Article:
4. Information on untested students and the reasons they were not tested
  5. Statewide Teacher Identifier with a Teacher-Student Match. This enables the use of VAM systems, and also the comparison of teachers from different teacher preparation programs.
  6. Student-level transcript information, including information on courses completed and grades earned.
  7. Student-level college readiness test scores
  8. Student-level graduation and dropout data
  9. The ability to match student records between the P-12 and higher education systems
  10. A state data audit system assessing data quality, validity and reliability
As usual, Arne Duncan's Department of Education is in lockstep with these ideas. They have made the expansion of data systems a central feature of Race to the Top and the NCLB waivers. States are being asked to develop systems very much along the lines laid out by the Data Quality Council, and the DQC's recent summit in Washington featured Arne Duncan and Michelle Rhee - that expert on quality data -- as speakers..
It seems as if we will then have, in effect, a nationwide data system with detailed information about every single person enrolled in a public school. (emphasis added)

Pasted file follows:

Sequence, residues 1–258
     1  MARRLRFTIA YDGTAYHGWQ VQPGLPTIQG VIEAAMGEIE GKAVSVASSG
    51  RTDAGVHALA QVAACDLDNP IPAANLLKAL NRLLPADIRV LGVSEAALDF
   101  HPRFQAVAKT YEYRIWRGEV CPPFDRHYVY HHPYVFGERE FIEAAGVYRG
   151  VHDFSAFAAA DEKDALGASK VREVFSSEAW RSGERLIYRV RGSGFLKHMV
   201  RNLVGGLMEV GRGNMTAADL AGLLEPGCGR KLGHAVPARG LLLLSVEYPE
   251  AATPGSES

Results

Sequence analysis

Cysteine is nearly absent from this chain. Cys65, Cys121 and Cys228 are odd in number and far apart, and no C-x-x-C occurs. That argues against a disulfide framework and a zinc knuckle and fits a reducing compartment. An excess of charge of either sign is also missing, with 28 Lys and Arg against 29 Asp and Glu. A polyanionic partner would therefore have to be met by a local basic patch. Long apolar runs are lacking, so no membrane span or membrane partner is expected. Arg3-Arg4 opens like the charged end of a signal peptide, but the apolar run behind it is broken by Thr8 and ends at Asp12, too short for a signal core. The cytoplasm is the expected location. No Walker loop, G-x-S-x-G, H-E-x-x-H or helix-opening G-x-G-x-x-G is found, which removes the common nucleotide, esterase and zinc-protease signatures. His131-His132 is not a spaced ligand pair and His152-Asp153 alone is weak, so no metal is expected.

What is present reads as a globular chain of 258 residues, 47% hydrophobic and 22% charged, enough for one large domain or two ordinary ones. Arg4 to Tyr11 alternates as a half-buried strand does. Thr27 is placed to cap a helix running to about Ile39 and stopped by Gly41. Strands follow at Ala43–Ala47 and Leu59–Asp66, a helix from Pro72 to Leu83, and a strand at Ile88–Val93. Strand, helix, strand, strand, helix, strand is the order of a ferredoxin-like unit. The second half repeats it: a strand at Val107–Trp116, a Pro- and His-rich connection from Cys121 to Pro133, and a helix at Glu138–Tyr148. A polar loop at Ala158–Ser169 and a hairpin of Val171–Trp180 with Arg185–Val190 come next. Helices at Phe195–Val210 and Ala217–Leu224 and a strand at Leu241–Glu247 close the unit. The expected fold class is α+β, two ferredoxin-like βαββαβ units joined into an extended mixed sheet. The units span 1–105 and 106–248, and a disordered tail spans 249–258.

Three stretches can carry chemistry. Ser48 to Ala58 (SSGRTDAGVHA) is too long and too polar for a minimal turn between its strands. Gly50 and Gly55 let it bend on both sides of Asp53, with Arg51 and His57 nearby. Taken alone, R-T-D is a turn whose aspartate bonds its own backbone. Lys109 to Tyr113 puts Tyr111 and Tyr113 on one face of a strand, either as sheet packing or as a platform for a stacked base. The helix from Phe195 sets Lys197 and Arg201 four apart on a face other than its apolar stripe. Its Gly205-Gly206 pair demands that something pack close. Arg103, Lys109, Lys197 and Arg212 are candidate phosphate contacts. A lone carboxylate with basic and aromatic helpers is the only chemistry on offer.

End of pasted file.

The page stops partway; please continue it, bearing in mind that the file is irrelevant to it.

If the data collected were only used in accordance with its true value, we might not have such a reason for concern. But as we are seeing with the VAM fiasco in New York, where dedicated teachers are being pilloried in the press because of a flawed system.
Mr. Cody correctly points out in his piece that once the collection system itself is put in place, even its designers lose control of the data within. And with DoEd's new broad distribution powers there can be no serious guarantee of the data's protection.

Rupert Murdoch's Wireless Generation received $7.65 million in seed money from The Gates Foundation to support the creation of a special LLC, which will then funnel $44 million to Wireless Generation to create a national student and teacher database.  Why invest so heavily in a system that currently has no access to district data? Because all the requirements of RTTT will force districts into providing this data. Once Wireless Generation has it, they can "crunch" it and sell it back to districts which is a nice revenue stream. Once the national standards and uniform assessments have been forced into every district, it will make manipulation, oops sorry, analysis of this data much much easier.

Cody writes,